With smartphone adoption nearing ubiquity, the lines between our online and offline worlds have blurred, reigniting long-standing concerns over privacy and the web. During a speech at the Street Fight Summit in New York Friday, Senator Charles E. Schumer of New York spoke about his role in developing a new privacy code of conduct for the location analytics industry, and the need for consumer advocates, technology companies and retailers to come together and proactively address the issue.
“There is always a collision between helping people make choices and giving them the information they want, and privacy,” he said. “As the [Internet] grows, expands, and becomes more important, that’s something we have to deal with.”
Earlier this week, the senator, in conjunction with the Future of Privacy Forum and a group of location analytics firms, announced a new code of conduct for location analytics technology, outlining a series of best practices that aim to ensure that consumers are aware of when they are being tracked and are capable of easily opting-out. The announcement comes two months after the senator penned a letter to FTC Chairwoman Edith Ramirez, urging the FTC to institute rules that would require retailers to notify shoppers when they are being tracked via their mobile devices.
“This is a significant step forward in the quest for consumer privacy,” he said about the agreement. “But even more importantly it shows that tech companies, retailers and consumer advocates can work together well and quickly in the name of the consumer.”
The location analytics industry has exploded in recent months, as brick-and-mortar retailers look to bring some of the big data practice common to the web to the offline world. The most common technology, implemented by companies like Euclid Analytics and the New York-based Nomi, uses the millions of interactions between our mobile phones and store’s wireless routers to measure store traffic.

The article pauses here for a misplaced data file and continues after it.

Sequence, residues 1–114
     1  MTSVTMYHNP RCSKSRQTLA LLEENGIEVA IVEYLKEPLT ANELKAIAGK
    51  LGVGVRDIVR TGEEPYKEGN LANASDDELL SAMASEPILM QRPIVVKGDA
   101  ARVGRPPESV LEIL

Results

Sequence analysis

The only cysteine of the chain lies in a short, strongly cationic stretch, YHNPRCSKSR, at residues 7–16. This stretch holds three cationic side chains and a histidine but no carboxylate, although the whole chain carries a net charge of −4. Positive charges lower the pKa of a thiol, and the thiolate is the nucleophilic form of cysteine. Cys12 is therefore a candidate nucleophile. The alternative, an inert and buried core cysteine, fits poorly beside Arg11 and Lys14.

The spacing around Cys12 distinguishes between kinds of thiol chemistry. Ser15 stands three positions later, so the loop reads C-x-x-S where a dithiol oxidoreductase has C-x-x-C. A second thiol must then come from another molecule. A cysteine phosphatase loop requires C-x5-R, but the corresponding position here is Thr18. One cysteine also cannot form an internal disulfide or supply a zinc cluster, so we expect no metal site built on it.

As mobile devices search for nearby wireless routers, each interaction yields a small amount of data that includes, among other signals, an anonymous device ID (called a MAC address) and a measure on the strength of signal that usually gets discarded. These businesses then structure those data to give brick-and-mortar businesses quantified look into their store’s foot traffic, serving up metrics like total traffic, return traffic, and a capture rate that measures the percentage of people who walk by the store who enter.
“As you know location tracking technology holds enormous potential for marketers, and improving the consumer experience,” he said. “ But with this enormous potential for benefit comes enormous responsibility on the part of marketers because as much as consumers want an improved shopping experience, they also want to feel secure in their personal privacy.”
For retailers, testing these new technologies has proven a lesson balancing cost and benefit, measuring the long-term value of quantifying in-store behavior with the liability of potentially angering customers. In May, Nordstrom’s ended its trial with Euclid a week after a New York Times article put a spotlight on the startup, and the growing industry as a whole.
“There’s a larger lesson here, for us on the policy-making side,” he added, closing his speech. “Often, in an effort to protect our constituents and their privacy, we jump in both in legislation and regulation. But especially in tech sphere, we need to be careful the leg desire to look out for our constituents privacy, with the need to preserve the opportunity for innovation.”
Steven Jacobs is Street Fight’s deputy editor.
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